County Budget


 At the end of February when I looked at the proposed cuts to public safety, schools, parks, libraries, and human services in the budget that the county executive had just released, I almost didn’t recognize Fairfax County. The budget that the Board of Supervisors adopted on April 27 is a far sight better than what I saw on that bleak February day.  It transfers slightly less than last year to the schools following the School Board's decision that they could fully fund their budget with that amount and restores the programs such as language immersion and elementary school music programs.  It also restores many of the proposed cuts to public safety, parks and libraries, and human services.  It’s a fair and fiscally responsible budget and still includes program cuts and reorganizations to many programs. 

To put a number on this—in FY2011, we will be spending almost $92 million less than last year. Over the past two years we have reduced spending by over 220 million and cut 480 positions. While we advertised a property tax rate of up to $1.12, we were able to hold the line at $1.09.  This budget was fair to all the needs of the County and to the taxpayers’ bottom line.  We recognized that a recession is no time for either large tax hikes or widespread cuts to needed County services.

We began this year's budget process with an almost $300 million dollar shortfall that came on the heels of the previous year’s $650 million dollar shortfall. At the same time, we saw a sharp increase in demands on County services.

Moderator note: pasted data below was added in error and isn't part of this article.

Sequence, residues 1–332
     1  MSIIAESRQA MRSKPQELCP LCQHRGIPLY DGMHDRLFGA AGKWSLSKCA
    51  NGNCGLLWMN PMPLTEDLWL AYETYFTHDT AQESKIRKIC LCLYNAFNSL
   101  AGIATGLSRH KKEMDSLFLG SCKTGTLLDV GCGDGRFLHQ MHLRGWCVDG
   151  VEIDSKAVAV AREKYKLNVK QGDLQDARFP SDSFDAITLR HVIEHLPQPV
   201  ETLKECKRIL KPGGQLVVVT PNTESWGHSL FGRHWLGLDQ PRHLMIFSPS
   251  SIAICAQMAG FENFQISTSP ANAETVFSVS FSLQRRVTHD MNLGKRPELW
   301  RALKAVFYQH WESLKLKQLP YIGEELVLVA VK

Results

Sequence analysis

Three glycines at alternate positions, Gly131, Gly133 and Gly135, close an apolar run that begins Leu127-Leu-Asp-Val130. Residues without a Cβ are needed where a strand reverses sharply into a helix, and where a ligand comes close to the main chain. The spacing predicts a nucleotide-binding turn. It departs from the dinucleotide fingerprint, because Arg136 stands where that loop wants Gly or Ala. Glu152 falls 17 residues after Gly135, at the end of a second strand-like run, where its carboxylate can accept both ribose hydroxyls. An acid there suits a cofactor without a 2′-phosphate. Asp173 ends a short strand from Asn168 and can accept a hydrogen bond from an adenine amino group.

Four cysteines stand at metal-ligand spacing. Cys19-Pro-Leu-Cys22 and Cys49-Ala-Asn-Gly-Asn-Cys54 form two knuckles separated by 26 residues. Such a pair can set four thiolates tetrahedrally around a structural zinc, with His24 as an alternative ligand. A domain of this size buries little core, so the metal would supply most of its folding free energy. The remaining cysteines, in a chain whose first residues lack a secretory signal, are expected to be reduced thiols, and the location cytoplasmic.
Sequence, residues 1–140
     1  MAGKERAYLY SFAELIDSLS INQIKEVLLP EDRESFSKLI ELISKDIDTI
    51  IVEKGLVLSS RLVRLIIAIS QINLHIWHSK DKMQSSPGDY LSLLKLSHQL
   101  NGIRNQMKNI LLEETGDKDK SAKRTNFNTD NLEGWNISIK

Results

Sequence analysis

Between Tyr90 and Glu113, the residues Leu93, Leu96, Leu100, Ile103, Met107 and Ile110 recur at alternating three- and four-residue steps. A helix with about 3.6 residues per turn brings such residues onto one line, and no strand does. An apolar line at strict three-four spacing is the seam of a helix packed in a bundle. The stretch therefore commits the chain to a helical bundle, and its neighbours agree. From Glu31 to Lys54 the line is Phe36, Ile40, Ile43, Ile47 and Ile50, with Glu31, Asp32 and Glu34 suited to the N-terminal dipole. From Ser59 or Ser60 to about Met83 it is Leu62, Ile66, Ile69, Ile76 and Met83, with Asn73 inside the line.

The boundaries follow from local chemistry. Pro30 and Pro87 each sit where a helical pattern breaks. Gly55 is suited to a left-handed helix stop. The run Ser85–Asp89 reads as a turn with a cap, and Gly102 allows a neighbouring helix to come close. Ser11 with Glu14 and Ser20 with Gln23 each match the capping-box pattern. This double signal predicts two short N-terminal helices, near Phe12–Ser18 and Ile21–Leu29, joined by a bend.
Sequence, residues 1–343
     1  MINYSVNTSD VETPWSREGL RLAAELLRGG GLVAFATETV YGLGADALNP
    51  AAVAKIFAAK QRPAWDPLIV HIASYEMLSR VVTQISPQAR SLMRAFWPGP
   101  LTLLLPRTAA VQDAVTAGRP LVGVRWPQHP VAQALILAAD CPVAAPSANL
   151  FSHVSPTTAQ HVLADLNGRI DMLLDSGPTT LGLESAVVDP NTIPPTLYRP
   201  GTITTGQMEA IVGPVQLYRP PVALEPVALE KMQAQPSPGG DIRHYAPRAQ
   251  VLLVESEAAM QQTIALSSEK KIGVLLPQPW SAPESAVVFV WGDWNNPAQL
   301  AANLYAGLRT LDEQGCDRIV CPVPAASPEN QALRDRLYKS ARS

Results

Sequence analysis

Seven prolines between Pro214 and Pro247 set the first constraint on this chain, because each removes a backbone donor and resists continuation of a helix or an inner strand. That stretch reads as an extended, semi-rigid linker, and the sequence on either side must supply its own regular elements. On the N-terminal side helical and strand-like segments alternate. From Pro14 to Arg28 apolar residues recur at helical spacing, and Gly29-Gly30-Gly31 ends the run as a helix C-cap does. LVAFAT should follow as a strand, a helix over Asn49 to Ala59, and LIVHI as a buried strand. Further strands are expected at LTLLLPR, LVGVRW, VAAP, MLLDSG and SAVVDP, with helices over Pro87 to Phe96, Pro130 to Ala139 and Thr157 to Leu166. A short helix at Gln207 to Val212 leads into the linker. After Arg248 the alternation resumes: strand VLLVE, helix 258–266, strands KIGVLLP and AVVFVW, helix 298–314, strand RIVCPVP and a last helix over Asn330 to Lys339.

Unlike the Federal government we can’t have a deficit budget so for the second consecutive year we’ve cut County positions and frozen salaries. We have made extensive agency cuts and reorganizations, and raised fees to take some of the burden from homeowners. We’ve also cut many services and kept the transfer to the school system flat. (The school transfer is almost 54 percent of our General Fund, primarily because Fairfax County receives a much lower level of Federal and State funding than do many other localities.)

Our citizens have high expectations for their local government, the services it provides, and the quality of those services. In fact, our property values depend on that.  We can find new ways of doing things: better and more efficient ways to stretch our revenue dollars, more partnerships with non-profits and the private sector, and diversified revenue sources to take the pressure off our homeowners.

 

 

In This Issue of Supervisor McKay's Lee District Update:


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